Live Review

Steep Canyon Rangers and NC Symphony Under the Stars

Steep Canyon Rangers on June 30, 2017

Photo by Cara McLeod

It’d be easy to assume that a symphony backing a bluegrass band represents a clash of civilizations, two great tastes that maybe don’t taste all that great together.

But a concert under the stars (and a little bit of drizzle) from the North Carolina Symphony and home-state band the Steep Canyon Rangers in Cary, NC, Friday night proved it can be a delicious combination.

With sensitive arrangements written by Jonathan Sacks, whom the Steeps met when he scored music for orchestras backing them and Steve Martin, the symphony added power to the pulsating rhythms driving SCR songs like “Radio” and “Tell the Ones I Love.” And lovely, slower songs were rendered even lovelier with lush strings moving underneath, adding extra dimension to vocal harmonies and texture behind the band members’ instrumental solos.

The most thrilling moment came right after the intermission (a pause in action that made the bluegrass fans in the crowd giggle a little), during “Call the Captain.” Here, horns and woodwinds took center stage (metaphorically, of course, as the symphony was seated as the Steep Canyon Rangers roamed the front of the stage), and partway through the song, the Steep Canyon Rangers parted three by three to the sides of the stage, letting the orchestra carry the song for a while as darkness settled over a steamy Southern evening.

While the symphony added some power and dimension to the set, it was very much a Steep Canyon show. Where orchestral accompaniment wouldn’t fit in, the symphony sat out. But they didn’t sleep through the breaks — they watched and listened intently during songs when they didn’t play, including conductor David Glover, who stood unobtrusively behind the band and many times nodded appreciatively as he swayed along. During “Two Steps Over the Line,” the string players added some booming pizzicato (some call it plucking), then, when their instruments were down, joined the audience in clapping along to the raucous song.

The band members seemed right at home, despite the army of orchestra members behind them, and fiddle player Nicky Sanders might have felt especially so, considering his classical training. That didn’t restrain him from his usual energetic playing, however, and he closed second set with “Auden’s Train,” where the rest of the band pulls back as Sanders enters what I call “beast mode,” riffing on the song’s train theme on both fiddle and voice and folding in snippets of music from across the universe, including plenty of classical melodies that this crowd especially appreciated, as well as a little “Johnny B. Goode.” (Here's a look at "Auden's Train" from a different performance, a few years ago. See? Beast mode.)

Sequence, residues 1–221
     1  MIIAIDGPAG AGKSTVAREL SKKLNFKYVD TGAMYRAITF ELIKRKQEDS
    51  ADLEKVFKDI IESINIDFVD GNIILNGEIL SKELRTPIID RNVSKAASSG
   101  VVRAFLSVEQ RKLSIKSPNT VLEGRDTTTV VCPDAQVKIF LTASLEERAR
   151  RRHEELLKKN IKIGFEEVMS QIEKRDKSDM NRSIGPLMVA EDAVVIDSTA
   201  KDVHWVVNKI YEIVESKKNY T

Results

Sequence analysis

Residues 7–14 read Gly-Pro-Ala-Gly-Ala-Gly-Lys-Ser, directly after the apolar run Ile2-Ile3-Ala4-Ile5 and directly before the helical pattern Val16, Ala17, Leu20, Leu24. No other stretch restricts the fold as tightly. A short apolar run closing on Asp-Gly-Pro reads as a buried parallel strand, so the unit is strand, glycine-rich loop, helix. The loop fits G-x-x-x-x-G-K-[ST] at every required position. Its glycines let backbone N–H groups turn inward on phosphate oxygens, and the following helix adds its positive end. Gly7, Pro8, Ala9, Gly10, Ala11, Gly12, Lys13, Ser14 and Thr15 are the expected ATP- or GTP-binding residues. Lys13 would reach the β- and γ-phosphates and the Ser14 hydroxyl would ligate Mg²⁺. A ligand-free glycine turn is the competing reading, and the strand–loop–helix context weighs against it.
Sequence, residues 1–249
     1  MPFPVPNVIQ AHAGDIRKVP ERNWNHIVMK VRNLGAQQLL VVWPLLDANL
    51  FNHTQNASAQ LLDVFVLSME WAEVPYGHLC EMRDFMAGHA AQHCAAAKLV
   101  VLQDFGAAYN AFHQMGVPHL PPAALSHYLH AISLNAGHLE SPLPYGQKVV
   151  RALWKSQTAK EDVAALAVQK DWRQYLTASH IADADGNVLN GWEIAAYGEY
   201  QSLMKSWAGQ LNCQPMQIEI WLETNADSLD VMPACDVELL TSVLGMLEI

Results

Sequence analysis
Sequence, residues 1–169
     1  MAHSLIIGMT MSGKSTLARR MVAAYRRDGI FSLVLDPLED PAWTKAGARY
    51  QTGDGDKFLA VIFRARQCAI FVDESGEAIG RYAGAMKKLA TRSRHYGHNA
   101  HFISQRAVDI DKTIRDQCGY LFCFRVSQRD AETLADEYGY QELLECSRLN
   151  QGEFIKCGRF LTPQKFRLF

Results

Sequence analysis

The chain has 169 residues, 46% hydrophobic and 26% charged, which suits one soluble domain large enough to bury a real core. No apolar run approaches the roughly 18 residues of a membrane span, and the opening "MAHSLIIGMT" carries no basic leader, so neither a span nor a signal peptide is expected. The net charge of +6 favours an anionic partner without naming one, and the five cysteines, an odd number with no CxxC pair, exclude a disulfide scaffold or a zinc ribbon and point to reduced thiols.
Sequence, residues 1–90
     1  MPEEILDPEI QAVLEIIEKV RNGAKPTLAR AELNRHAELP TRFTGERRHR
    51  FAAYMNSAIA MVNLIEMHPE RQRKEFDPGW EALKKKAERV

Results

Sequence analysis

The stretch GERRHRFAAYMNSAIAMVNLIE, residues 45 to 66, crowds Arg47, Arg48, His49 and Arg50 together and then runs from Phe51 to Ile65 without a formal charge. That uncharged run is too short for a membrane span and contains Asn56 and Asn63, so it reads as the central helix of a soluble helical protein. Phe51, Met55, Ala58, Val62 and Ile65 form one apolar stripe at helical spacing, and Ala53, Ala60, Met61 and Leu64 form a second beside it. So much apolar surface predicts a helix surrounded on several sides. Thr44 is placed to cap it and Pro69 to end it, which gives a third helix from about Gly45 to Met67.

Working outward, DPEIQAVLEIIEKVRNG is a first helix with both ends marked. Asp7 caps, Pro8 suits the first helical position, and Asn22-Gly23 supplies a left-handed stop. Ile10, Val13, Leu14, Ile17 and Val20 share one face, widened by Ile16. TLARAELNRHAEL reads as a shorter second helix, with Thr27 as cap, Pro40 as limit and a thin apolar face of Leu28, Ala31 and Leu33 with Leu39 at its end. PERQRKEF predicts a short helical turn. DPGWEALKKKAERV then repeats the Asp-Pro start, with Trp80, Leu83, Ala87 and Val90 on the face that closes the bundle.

Maybe I’m biased, as I’m a bluegrass fan who played viola in symphony orchestras in high school and college, but to me there’s plenty of kinship between classical and bluegrass music. Both are fueled by virtuosity, and feature music that’s driven by the energy of the playing itself, not by drums (though SCR drummer Mike Ashworth’s percussion work has only augmented the band and its sound, because it’s just another instrument in the mix, not a crutch). Both pull from a long-established canon of songs, but today draw fans who eagerly cheer on innovation.

It’s always encouraging (and sometimes hilarious) to people-watch in a crowd that mixes symphony fans with followers of a more modern music. One symphony season-ticket holder (or so I assume, only because her group’s incredible wine-cheese-snacks spread indicated they had done this before) camped out in front of me asked a neighbor “What IS bluegrass, anyway? Is it like ‘Dueling Banjos’? Is that what it is?”

“Well, erm, no,” he replied. “I mean, not all of it is like that.”

On a summer evening where fireflies helped us celebrate the fact that the earlier rain never escalated above a drizzle, we all learned something, which is why shows like this are important. And besides that, they’re fun, which is a point the Steep Canyon Rangers and the NC Symphony never lost sight of.

Interesting review and coincides with the bluegrass and classical fusion that was part of Sierra Hull's show last week. Obviously the classical point is more emphatically made with a full orchestra but both Steep Canyon Rangers and Sierra Hull are taking bluegrass to new pastures.